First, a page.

Genre: Science Fiction
Book Review by Lynn Nicole Louis
Have you read this book?
In Dawn of Man, Lewis does an admirable job of creating minority characters that aren’t often seen in science fiction. Like Lewis, most of his characters are African American. I don’t know if anyone’s noticed, but speculative fiction seems to be rather sterile when it comes to cultural diversity. There are a few minority culture authors out there, but they are rare. It’s refreshing to read about people one doesn’t normally encounter in science fiction from a viewpoint that’s not well represented.
Lewis draws heavily on his military experience to add verisimilitude to the story, and does so very effectively. The writing is lean and successful — especially the action sequences. Like most self-published books, the lack of a ‘real’ editor was noticeable in a variety of typos/errors that a spellchecker and untrained proofreader just wouldn’t pick up. There for their, it’s for its, etc. No biggie, but detracting upon occasion. Yet while I found Dawn of Man to be an interesting read, I’d have to say it that overall it wasn’t a very good book.
I’m going to have some trouble explaining what I mean….
The blurb informs us that we’re going to read a book about alien invasion and first contact. We do get that, but it doesn’t makeup the bulk of the story. The bulk of the story follows the adventures of a genetic superman named Logan as he reaps revenge on hapless redneck folk for the death of one of his protegees. Aliens don’t actually arrive until much later in the story, and I do mean much later. When they do finally show up, Lewis saps most of the tension from the resulting human/alien conflicts by making the alien nigh near invincible. Realistic? Probably. But not good for a book.
And that brings me to Lewis’ main character Logan. Humans, we learn, are the result of alien DNA tampering — the DNA of Neanderthals mixed with alien DNA in an attempt to breed the ultimate warrior. The good aliens are fleeing the bad aliens and fighting a retreating action. In order to help recover some of the aggressiveness the good aliens lost after millennia of peace, they tamper with various life forms on the planets they discover. On Earth, their tampering worked, but only partially in that it has so far only produced one true MAN (mutation accelerated nemesis) capable of fighting the evil aliens overrunning the galaxy. While some racial mixing can produce genome adepts — people with increased abilities — in order to be a MAN, it seems that a person must have a perfect mix of all the sub-types (or races) of humanity. What this means of course is that no ‘pure’ racial representative can be a MAN.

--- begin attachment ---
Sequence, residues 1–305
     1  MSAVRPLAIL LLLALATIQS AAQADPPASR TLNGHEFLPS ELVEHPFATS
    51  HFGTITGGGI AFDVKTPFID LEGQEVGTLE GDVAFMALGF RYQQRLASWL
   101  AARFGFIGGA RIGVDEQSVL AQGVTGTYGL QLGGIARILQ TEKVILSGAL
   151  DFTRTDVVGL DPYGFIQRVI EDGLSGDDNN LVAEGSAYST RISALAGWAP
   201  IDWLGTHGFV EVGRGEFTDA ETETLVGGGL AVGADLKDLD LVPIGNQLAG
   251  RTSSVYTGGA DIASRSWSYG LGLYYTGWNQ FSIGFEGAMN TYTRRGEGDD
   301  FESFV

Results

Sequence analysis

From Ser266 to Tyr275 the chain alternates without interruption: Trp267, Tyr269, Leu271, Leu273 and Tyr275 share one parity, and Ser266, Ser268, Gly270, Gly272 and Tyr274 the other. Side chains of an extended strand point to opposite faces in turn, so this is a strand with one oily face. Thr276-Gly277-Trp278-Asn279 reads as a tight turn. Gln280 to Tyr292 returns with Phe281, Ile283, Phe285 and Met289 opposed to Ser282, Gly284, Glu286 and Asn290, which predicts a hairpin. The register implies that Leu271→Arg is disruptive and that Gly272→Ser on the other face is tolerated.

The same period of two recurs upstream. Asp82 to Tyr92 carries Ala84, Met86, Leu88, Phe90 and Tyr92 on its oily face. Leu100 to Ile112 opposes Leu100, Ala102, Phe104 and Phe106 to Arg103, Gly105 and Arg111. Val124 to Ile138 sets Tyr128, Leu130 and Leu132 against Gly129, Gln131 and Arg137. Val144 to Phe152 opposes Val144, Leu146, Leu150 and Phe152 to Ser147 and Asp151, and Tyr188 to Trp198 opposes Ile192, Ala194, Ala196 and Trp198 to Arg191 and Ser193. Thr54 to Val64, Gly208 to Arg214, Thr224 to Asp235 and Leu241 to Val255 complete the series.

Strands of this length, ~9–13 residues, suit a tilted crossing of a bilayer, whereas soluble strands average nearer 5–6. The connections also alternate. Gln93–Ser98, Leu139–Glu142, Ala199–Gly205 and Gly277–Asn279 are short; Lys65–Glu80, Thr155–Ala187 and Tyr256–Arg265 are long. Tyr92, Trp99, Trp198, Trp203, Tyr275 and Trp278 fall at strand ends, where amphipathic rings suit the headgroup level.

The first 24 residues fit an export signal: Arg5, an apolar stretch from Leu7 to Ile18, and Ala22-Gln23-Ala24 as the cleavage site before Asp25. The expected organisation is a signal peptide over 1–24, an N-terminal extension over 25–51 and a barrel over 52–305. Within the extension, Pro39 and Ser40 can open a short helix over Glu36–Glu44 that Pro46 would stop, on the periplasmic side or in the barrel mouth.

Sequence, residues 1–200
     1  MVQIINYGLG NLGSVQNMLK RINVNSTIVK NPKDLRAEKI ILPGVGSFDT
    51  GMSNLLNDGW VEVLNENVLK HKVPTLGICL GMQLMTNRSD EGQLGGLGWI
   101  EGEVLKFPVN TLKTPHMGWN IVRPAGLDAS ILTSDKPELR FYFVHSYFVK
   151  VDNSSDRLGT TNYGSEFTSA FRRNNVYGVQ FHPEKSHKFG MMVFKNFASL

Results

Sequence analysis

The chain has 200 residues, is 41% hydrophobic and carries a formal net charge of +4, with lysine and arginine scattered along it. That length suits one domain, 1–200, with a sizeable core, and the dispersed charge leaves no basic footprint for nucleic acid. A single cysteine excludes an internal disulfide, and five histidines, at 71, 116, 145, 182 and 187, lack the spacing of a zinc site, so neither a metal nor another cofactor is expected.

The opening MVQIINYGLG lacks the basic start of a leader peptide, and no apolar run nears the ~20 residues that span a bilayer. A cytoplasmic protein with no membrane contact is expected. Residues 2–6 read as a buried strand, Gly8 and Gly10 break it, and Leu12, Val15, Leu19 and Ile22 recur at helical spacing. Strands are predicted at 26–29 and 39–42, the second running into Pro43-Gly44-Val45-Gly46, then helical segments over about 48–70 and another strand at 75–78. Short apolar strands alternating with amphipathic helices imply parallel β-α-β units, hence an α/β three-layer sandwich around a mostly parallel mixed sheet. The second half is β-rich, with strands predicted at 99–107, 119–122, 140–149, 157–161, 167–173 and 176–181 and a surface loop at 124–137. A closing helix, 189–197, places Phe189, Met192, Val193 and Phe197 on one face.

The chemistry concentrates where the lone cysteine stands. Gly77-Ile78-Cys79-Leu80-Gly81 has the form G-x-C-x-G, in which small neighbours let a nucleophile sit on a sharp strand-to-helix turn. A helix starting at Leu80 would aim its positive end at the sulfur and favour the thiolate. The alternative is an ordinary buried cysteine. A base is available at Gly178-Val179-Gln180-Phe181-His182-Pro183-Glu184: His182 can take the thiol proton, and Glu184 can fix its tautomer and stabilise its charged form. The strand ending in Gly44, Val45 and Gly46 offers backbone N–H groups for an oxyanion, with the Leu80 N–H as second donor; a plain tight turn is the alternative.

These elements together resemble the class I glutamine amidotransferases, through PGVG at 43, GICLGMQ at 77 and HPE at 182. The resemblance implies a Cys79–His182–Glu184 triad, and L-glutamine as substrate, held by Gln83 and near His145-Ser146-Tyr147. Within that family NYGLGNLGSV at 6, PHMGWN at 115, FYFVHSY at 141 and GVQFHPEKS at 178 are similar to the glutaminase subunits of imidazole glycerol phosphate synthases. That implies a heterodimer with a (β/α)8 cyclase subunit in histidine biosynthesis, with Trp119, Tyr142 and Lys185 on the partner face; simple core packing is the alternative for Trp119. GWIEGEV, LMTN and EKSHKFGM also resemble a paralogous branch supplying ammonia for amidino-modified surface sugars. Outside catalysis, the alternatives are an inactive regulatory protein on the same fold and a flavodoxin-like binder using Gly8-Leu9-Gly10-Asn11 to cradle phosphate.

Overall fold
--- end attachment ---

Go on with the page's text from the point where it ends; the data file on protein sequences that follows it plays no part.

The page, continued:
While I like the concept, Logan’s powers and abilities were a big part of what was wrong with the book. In the first 90%, where Logan is tracking redneck killers and foiling a plot by white supremacists to kill off African Americans, he uses his special abilities and alien technology. Unfortunately, these abilities and the technology make Logan pretty much invulnerable. Throughout the book, Logan places himself in dangerous situations, only to him, they aren’t dangerous. There’s never a doubt that he will emerge unscathed. He’s Superman without the kryptonite, Achilles without the heel, and that hurts the story. How can we be on the edge of our seats when we know he can’t be hurt by Earth’s puny and paltry technology? We can’t and we aren’t. Sense of jeopardy it’s called, and it was absent.
Too, for me, Logan came off as unsympathetic. His extreme violence in pursuing his revenge felt unwarranted, especially against ‘innocent’ bystanders who hindered him occasionally. Decapitations, amputations, exploding heads and broken bones abound. MAN he might be, but nice he ain’t. He’s almost sociopathic in his violence as he kills hundreds without so much as a twinge of conscience.
Another poorly done aspect of the book is its focus. It’s Logan getting revenge, it’s white supremacists plotting to kill minorities, it’s Logan foiling their plot, it’s Logan introducing the concept of alien life and the fact that humans are engineered, it’s aliens invading earth…. Whew! It’s a credit to Lewis that each of these plot lines is interesting, but taken as a whole, there’s too much going on and it’s too disparate to tie together well. It’s all over the place, like a shotgun blast, instead of the aimed rifle shot a book should be. Multiple plot lines add depth, but, for me, this just didn’t all tie up into a neat little package.
Another risk highlighted here is that of writing near term science fiction. Lewis wrote his book in 2001, soon after the World Trade Center attacks, but the novel takes place in 2005. In it he makes some political speculations as to world events and the world situation in the aftermath of the terrorist attacks, speculations that end up being wrong. In a way, that sort of makes this book alternate future science fiction, since several situations in the book grew out of present day events that never actually occurred. There are plenty of books that suffer from this — it’s not actually bad, but it does make it sort of odd when you read about something that happened that never really did. Like all the end-of-the-world stories/books based on the Y2K bug.
To sum it up: I like Lewis’ style. I like how he integrates personal experience and knowledge into his work. I like his prose (though it might be too gruesomely descriptive for some). He’s got the basics; now he needs to get away from worrying about writing to worrying about writing a book. Study the structure of novel and pay particular attention to pacing and story arc. Work on integrating his disparate plots so they meld better and unify the focus.
I think the speculative fiction fan who enjoys science fiction with a military style would probably enjoy this.